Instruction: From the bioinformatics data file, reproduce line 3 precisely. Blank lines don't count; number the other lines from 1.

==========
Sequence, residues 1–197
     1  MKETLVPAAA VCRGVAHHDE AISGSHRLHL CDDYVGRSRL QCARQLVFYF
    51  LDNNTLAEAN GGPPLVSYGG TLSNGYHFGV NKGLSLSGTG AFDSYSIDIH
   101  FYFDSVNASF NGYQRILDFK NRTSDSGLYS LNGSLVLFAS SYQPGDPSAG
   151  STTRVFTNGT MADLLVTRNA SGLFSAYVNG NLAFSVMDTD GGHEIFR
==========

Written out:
    51  LDNNTLAEAN GGPPLVSYGG TLSNGYHFGV NKGLSLSGTG AFDSYSIDIH